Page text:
Well I shot a TON of Keith 173 grain bullets out of a 4" M-27 and a 2.5" Model 66 starting in the mid 70's. I did use 14.5 grain of 2400 BUT you better not make any mistakes and watch the primers (type and cratering ect.)and what cases you use as that load is hot! I got 1280 fps out of a 4" barrel and 1100 from the 2.5" . Cast hard they will go thru a deer like butter and also 400 pound hogs! I shot a couple black bears that ran into me in the 70's and 80's and with multiple hits it worked OK. That said the old Corbon 200 grain hard cast was even hotter and nastier.
    Nowadays I use the 180 Win Partition Gold.1000+ fps in the 2.5" and 1100+ in the 4". This eliminates the big bugaboo of those heavy cast bullet loads in guns that have lots of muzzle flip-bullet creep! Nothing like a tied up gun when you need a 2nd shot! The 173 Keith wasn't bad as it had well designed crimp grooves which stopped it IF properly crimped . The other designs are iffy at best.
  16. Swamp Rat

    Swamp Rat New Member

    Apr 10, 2003
    Occupied Georgia, CSA
    What is the make on the 180WFN??

    The thing to keep in mind with cast bullets is the widest meplate possable will deliver the most leathality, I am waiting fro Ranch Dog to finish he R&D on his new 190gr WFNGC which is also a tumble lube
  17. AStone

    AStone Senior Elder

    Aug 5, 2005
    Far N, E coast
    I'm a biologist, backpacker and mountaineer who walked for decades in the San Juans of southern Colorado.

    Never once did I see (or hear or read of) griz (Brown bear) or sign of them.

    They are probably extinct there. You'll find them in Idaho, but not Colorado.

    Black bear won't stand up against your .357 mag, even if they attack,
    which is extremely rare unless you're foolish enough to keep food in your tent at night
    or get between them and their cubs (very unlikely).

    I now live in Oregon, and even here (no griz), I'm perfectly comfortable with .357 mag in the outback.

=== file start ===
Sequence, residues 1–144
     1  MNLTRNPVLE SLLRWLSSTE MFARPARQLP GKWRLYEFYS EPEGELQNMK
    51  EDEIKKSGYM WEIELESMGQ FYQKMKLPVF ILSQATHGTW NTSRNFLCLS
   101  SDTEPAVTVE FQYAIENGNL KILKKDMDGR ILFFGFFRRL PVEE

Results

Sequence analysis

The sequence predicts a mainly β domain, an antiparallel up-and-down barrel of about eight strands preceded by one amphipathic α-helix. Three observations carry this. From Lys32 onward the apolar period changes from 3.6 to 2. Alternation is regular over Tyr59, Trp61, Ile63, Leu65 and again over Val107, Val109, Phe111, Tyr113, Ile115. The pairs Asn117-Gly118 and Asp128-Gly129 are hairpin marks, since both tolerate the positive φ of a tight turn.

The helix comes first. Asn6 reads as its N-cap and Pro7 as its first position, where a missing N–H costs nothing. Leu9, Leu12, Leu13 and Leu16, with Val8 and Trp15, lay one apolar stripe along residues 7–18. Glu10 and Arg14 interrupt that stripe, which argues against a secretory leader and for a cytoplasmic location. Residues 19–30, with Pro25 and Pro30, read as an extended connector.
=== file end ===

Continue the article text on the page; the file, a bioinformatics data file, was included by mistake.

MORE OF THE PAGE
I carry it for 2-legged predators, not bear. I'm FAR more concerned with nutzoid humans in the outback than bears.
  18. Jake H

    Jake H New Member

    Oct 10, 2006
    Amen to that. My best friend's dad has told us stories of backpacking in the Bob Marshall Wilderness here in Montana about 25 years ago. "The Bob" is renowned for its remoteness and for its grizzly bear population, and I believe it is the largest area of wilderness in the contiguous 48.

    Anyways, he said there were many times when he was within 10 feet of full grown grizzly bears. They never once charged or threatened him in anyway. They are just as scared of us as we are of them. He just said "hey bear" and stood his ground. He never carried a gun. In fact I don't think he has ever owned a gun.

    If you are really worried about bears get yourself a canister of bear spray. I know it doesn't sound as cool but it's probably more effective than a .357 Mag will be.
  19. Colt46

    Colt46 Active Member

    Jan 29, 2003
    For dangerous big game

    I'd go heavier. Make sure you buy enough boxes to get an idea of what kind of recoil to expect when cranking them off in those short barrels though.
  20. mtmuley

    mtmuley New Member

    Feb 22, 2008
    JakeH, The Bitteroot-Selway is the largest wilderness area, and I guess the "hey bear" method was tested by Timothy Treadwell. It don't work. mtmuley